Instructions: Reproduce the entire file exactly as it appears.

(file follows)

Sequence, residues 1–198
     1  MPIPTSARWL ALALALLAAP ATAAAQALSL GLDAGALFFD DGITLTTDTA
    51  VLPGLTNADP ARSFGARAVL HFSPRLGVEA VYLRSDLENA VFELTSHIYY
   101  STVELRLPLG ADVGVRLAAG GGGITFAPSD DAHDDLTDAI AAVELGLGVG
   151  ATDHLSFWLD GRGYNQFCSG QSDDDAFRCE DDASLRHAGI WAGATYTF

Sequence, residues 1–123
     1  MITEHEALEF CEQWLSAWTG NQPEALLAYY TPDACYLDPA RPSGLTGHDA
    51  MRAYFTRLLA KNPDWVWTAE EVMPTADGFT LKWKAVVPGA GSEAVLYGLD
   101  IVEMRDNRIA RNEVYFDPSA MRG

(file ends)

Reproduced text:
Sequence, residues 1–198
     1  MPIPTSARWL ALALALLAAP ATAAAQALSL GLDAGALFFD DGITLTTDTA
    51  VLPGLTNADP ARSFGARAVL HFSPRLGVEA VYLRSDLENA VFELTSHIYY
   101  STVELRLPLG ADVGVRLAAG GGGITFAPSD DAHDDLTDAI AAVELGLGVG
   151  ATDHLSFWLD GRGYNQFCSG QSDDDAFRCE DDASLRHAGI WAGATYTF

Sequence, residues 1–123
     1  MITEHEALEF CEQWLSAWTG NQPEALLAYY TPDACYLDPA RPSGLTGHDA
    51  MRAYFTRLLA KNPDWVWTAE EVMPTADGFT LKWKAVVPGA GSEAVLYGLD
   101  IVEMRDNRIA RNEVYFDPSA MRG